Elvisauris: Did you know there was a dinosaur named for Elvis? Back in 1990, two Ohio State geologists discovered the bones of an early Jurassic dinosaur in Antarctica. The find occurred just 400 miles from the South Pole. I can’t imagine what gave them the clue to dig there. Anyway, the skull of the 22-foot-long creature has a bony crest, and it didn’t take the scientists long to notice that it resembled Elvis’ big pomp hair-do of the 50s. Soon the dinosaur picked up the nickname Elvis. In time, everyone referred to it as Elvisauris, even though its official name is Cryophosauris ellioti. Elvisauris is much better, don’t you think?
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But, I’ll Be Back In May. Ohhhhhhh, Yeah: Here’s a story that is equally strange. The International Space Station circles the Earth at an elevation of 240 miles. The astronauts spend months on board, so it must get boring for some of them. I like the way Flight Engineer Carl Walz spiced up things. Somehow radio contact was set up with hundreds of Houston schoolteachers, during which Walz treated them to an Elvis impression from outer space. His song was to the tune of “Heartbreak Hotel”:
“Well, since I left my baby, I found a new place to dwell. It’s 400 kilometers in the air. It’s called Space Station Alpha. Oh, it’s so lonely. But, I’ll be back in May. Ohhhhhhh, yeah.”
In this case, I like the original words better.
So Let's Mention the Guitar Player, OK?: On June 4th, the News link on www.elvis.com announced that “That’s All Right” was listed as #37 in Rolling Stone Magazine’s list of the greatest guitar songs. Here is the exact wording of the press release:
“In the June edition of Rolling Stone Magazine, Elvis Presley’s hit song “That’s All Right” was named on the 100 Greatest Guitar Songs of All Time article. The King of Rock ‘n’ Roll was ranked no. 37 on the list.”
Notice anything missing? How about the name of the guitar player – Scotty Moore! After all, this is the greatest guitar songs we’re talking about. I’m not going to hammer EPE, because plenty of other folks do that on the web. But, I’m a Scotty Moore fan, and it just wasn’t right to leave his name out of the news release. They did provide a nice link to www.rollingstone.com, where you can read the whole list. Rolling Stone got it right:
“Lead guitarist Scotty Moore’s hillbilly blues has become ground zero for the last 54 years worth of rockabilly. On Elvis’ first single, the guitarist’s lusty solo matches Elvis’ vocals and rhythm guitar perfectly.”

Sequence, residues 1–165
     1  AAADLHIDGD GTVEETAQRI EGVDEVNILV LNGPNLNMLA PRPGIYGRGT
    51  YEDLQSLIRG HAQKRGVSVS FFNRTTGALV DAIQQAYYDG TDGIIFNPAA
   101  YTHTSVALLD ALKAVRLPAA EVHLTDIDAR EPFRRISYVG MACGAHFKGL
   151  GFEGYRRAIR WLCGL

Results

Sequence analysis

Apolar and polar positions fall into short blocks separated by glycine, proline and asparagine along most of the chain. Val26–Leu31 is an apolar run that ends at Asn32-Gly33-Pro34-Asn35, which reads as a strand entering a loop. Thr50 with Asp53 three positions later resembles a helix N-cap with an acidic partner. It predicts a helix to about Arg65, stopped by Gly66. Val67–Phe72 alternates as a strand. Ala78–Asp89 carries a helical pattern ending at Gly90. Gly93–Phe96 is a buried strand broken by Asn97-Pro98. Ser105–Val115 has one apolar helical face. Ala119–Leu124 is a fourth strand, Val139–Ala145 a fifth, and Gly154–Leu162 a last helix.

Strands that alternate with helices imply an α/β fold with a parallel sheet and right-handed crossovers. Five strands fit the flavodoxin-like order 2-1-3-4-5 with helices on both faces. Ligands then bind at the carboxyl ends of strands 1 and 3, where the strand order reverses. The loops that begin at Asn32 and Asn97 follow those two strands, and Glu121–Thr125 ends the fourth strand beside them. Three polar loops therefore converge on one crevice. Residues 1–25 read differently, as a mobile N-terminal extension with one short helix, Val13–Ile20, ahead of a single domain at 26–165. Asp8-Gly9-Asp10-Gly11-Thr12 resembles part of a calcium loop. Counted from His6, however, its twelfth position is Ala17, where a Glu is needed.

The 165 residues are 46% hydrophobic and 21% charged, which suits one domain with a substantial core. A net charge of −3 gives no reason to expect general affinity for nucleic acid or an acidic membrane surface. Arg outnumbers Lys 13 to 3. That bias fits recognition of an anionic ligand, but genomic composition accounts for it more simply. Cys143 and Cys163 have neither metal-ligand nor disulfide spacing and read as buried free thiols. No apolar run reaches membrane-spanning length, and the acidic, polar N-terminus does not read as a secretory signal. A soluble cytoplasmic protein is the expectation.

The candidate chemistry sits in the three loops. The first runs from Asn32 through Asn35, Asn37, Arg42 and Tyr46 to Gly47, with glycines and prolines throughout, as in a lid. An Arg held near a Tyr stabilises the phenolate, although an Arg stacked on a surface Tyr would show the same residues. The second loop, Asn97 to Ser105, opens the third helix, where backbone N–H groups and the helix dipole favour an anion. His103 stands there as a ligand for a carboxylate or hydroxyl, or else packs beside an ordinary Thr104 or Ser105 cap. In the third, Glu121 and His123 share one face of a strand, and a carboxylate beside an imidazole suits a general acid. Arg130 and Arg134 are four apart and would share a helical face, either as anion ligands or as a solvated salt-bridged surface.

I like that – Scotty Moore: ground zero for rockabilly music.
Watching Women Fight: One of the less inflammatory “revelations” in that horrible Albert Goldman book titled “Elvis” is that Elvis liked to watch videos of women fighting. Goldman wrote:
“The typical film opens upon a shot of a couple of tough, coarse-looking broads sitting on a sofa and having a violent quarrel about a man. Suddenly, one woman reaches over and slaps the other’s face. The second woman retaliates by grabbing her by the hair. Then they really get into it like a couple of cats, screaming and clawing.”
Albert Goldman has been accused of making up much of the stuff in his book, and I know he’s lying here. Elvis would have watched lovely babes fighting, not tough coarse-looking broads.
Do You Know Which of These Songs Elvis Sang In His Movies?:
“Vino, Dinero Y Amor”
“Yoga Is As Yoga Does”
“We’re Coming In Loaded”
“Steppin’ Out of Line”
“Drums of the Island”
And the answer is —- all of them were in Elvis movies. No wonder he stopped making movies and went back to live concerts.
Elvis Has a Great Center of Gravity: In an August 16, 2007, article commemorating the 30th Anniversary celebration, New York Sun columnist Pia Catton declared that Elvis was one of the great American dancers. According to Catton, Elvis had a particular quality of movement that made him a star.
“Elvis had a center of gravity that was low, á la Gene Kelly, but also set back and deep. His sexiest moves – legs lolling back and forth, smooth like jelly, hips rolling and tossing everywhere – were performed as if there were a paperweight on a string tied around his waist and hung from his lower back. (Ed. note: Can you picture that?) With his weight adjusted to the back, he could free one leg to twist, pop, and jerk while maintaining perfect balance… Elvis’ glory was in the shifting of his weight… When he gets going fast, the force of the shifts make his shoulders jerk so hard he looks like he is being electrocuted.”
OK, now we know how Elvis could do it. However, it might not be a good idea to explain it to folks at an Elvis Week party. When you get to the part about a paperweight hanging from Elvis’ butt, they’re going to think you’re a nut. When you get to the electrocuted shoulders, they’ll be trying to get away from you fast.
© 2008 Philip R Arnold, Original Elvis Blogmeister All Rights Reserved www.ElvisBlog.net